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Lyric Writing: Giving Human Qualities to Inanimate Objects (and vice versa)
By Dan Palladino

The songwriter's greatest enemy is the cliché or predictable line. What is your reaction when you hear a song and the first line is "I woke up this morning"? Right. Starting a song this way doesn't make you want to hear what happens next, does it? One of the most effective ways to get yourself out of this rut is to give inanimate objects a human quality.

Let's take a look at some lines from the Tom Waits song "The Piano Has Been Drinking (Not Me)":

    The piano has been drinking
    My necktie's asleep
    The combo went back to New York, and left me all alone
    The jukebox has to take a leak
    The carpet needs a haircut
    And the spotlight looks just like a prison break
    And the telephone's out of cigarettes
    The balcony is on the make

    © 1976 Fifth Floor Music, Inc. (ASCAP)
The above lines push the listener further into the tune. It's kind of like a good film: you really want to see what happens next. Tom Waits could have written lines like "I've been drinking tonight", or "I can barely see because I'm drunk", but it wouldn't have nearly the same impact.

The band Alice in Chains had a song called "Angry Chair" on the album Dirt. Let's look at a couple of lines:

    Sitting on an angry chair
    Angry walls that steal the air
    Stomach hurts and I don't care

    © 1992 Jack Lord Music (ASCAP)
Can you see how making the chair angry brings the lyric to life? Would the song be as effective if the lyric was "I'm sitting here and I'm angry"? Not even close. Between the angry chair and the angry walls that steal the air, you really get a sense of anger filling the room.

A variation on this concept is to give inanimate objects the qualities of a different object. A good example of this is the Lennon/McCartney tune "Lucy in the Sky With Diamonds":

    Cellophane flowers of yellow and green
    Towering over your head


    Follow her down to a bridge by a fountain
    Where rocking horse people eat marshmallow pies
    Newspaper taxis appear on the shore
    Waiting to take you away

    © 1967 Northern Songs
If Lennon/McCartney had written "Beautiful flowers of yellow and green", the line wouldn't stand out very much. Simply adding the word "cellophane" brings the idea to life. People aren't eating marshmallow pies, rocking horse people are eating marshmallow pies. These adjectives are out of the ordinary, so you can't help but pay attention.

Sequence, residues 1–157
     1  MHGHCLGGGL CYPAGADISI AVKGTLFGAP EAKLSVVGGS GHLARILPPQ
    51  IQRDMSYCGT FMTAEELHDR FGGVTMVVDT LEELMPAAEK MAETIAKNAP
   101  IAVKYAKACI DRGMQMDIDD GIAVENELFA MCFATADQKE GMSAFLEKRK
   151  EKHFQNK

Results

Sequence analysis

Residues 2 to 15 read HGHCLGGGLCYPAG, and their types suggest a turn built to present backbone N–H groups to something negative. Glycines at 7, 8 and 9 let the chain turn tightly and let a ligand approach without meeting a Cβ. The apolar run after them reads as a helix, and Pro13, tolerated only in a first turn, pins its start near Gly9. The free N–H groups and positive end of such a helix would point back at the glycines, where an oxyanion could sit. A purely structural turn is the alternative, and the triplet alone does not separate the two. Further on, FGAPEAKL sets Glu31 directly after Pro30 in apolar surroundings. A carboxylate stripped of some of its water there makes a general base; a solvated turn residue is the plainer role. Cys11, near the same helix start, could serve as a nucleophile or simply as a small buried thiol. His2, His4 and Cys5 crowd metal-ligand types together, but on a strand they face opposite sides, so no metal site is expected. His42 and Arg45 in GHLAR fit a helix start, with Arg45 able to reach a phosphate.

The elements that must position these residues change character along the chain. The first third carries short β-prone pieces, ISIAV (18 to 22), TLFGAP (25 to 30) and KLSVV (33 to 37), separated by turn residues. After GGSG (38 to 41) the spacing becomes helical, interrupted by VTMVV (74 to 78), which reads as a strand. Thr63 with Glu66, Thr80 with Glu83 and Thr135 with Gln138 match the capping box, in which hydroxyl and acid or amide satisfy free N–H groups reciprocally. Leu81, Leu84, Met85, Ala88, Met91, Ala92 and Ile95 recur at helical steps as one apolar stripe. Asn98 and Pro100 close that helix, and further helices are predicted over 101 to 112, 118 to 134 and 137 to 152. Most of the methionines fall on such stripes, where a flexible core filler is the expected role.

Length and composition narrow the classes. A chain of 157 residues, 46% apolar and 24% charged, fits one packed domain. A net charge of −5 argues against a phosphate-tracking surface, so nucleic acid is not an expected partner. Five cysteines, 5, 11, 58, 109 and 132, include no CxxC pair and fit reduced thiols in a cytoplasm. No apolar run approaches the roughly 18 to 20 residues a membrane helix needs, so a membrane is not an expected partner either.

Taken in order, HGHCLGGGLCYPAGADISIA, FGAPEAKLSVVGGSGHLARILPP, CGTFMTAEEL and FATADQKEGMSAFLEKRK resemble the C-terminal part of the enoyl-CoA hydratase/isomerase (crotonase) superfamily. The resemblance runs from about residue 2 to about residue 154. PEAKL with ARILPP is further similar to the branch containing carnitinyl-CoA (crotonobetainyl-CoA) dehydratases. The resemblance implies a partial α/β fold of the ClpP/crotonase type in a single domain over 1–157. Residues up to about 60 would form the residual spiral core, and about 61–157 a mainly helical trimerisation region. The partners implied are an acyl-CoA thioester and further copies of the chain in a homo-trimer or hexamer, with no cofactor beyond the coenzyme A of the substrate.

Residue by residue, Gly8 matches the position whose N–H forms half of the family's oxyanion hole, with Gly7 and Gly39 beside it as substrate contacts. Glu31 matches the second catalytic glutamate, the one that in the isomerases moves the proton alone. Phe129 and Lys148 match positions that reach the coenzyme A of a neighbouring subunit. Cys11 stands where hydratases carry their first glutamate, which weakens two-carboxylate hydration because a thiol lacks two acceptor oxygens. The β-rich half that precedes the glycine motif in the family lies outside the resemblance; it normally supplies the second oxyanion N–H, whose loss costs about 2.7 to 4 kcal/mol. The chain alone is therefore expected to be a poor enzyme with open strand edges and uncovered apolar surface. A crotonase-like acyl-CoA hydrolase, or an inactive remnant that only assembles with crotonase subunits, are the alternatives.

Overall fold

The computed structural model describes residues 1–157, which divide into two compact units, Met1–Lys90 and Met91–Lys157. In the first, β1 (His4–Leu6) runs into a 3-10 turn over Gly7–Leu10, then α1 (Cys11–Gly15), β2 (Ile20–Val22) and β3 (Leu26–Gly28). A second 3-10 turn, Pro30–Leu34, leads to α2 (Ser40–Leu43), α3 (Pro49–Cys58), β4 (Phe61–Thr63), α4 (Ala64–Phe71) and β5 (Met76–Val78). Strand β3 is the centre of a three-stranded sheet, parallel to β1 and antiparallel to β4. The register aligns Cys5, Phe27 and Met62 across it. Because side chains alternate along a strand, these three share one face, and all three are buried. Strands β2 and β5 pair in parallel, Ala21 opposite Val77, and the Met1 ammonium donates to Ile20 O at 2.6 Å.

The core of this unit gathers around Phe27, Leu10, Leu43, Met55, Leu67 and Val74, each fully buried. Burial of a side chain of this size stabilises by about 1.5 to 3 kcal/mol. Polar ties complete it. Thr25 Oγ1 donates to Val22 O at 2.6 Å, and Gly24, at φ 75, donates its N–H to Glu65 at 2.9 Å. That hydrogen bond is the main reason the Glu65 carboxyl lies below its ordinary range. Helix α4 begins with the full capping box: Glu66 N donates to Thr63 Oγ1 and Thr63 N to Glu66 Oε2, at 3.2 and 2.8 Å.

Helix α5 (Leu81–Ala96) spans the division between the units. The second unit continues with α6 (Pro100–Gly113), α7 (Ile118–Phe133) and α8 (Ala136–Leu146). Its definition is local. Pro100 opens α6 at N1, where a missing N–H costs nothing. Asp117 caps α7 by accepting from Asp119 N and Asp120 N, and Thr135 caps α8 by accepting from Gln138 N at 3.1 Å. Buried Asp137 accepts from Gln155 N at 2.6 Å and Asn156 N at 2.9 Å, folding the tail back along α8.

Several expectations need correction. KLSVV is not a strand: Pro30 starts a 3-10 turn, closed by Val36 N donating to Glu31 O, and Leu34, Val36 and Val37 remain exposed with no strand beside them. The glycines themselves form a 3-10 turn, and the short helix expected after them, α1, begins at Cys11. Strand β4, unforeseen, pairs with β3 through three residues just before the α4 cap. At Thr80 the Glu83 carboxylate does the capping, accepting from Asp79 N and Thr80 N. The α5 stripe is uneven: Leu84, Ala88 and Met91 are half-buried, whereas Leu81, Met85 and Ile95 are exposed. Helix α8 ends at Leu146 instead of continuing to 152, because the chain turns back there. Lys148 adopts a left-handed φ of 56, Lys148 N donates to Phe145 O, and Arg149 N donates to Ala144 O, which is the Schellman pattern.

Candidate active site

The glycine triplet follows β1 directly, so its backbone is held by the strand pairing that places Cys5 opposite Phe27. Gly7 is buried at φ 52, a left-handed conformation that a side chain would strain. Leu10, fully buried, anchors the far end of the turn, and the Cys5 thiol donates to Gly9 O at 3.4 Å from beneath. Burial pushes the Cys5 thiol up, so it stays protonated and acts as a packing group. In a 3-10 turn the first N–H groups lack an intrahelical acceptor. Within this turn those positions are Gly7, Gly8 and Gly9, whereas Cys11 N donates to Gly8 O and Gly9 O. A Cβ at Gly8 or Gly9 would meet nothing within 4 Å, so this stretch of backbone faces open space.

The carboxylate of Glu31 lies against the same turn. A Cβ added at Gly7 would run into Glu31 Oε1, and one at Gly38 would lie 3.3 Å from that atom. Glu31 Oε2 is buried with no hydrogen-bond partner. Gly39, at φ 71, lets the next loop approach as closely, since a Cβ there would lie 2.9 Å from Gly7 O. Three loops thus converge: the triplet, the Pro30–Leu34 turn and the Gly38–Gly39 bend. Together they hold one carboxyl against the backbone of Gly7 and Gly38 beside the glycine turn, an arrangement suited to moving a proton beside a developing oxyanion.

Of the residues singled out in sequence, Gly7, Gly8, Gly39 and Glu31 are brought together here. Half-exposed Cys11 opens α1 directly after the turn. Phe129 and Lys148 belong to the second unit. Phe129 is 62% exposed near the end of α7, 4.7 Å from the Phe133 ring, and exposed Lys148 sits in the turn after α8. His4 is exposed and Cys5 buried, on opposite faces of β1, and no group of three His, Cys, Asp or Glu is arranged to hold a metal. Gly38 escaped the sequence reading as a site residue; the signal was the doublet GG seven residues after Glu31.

In one of my own songs, "Hold Me 'til I'm Free", I use this device in the lines:
    Shadows rage and dance
    Over your shoulder on the flickering wall

    © 1998 Dan Palladino/Rich Gantner
There isn't a candle flickering–that's a very ordinary image. The entire wall is flickering–much more interesting and it gives the listener a vivid mental image.

The writer William Burroughs described an exercise he used to acheive these unusual pairings of words: He would make a list of two columns–the first column would be adjectives and the second would be nouns. So one possible list could be as follows:
    smoldering        volcano
    pretty                girl
    schizophrenic    patient
    humming           locomotive

Then, using scissors, Burroughs would cut the paper in half vertically and re-align the pairs of words to come up with unusual combinations. So, the list above might become:
    smoldering        girl
    pretty                locomotive
    schizophrenic    volcano
    humming           patient

Pretty cool, huh? The meanings of all four phrases were changed by shuffling the adjectives. Now, you may need to write 50 pairs of words before you come up with enough interesting combinations, but you can see that the exercise can produce results with relatively little effort. Throw in the fact that you can re-shuffle your list several times and you could come up with a dictionary's worth of interesting phrases in a half-hour or so.

Compelling lyrics don't happen on their own–it takes a lot of work and editing. The best songwriters are never satisfied with clichés and throw-away lines. They re-write until each line is a little masterpiece on its own. I hope that by using the ideas presented here, you will take another step toward creating your own masterpieces.

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© 2007 Dan Palladino
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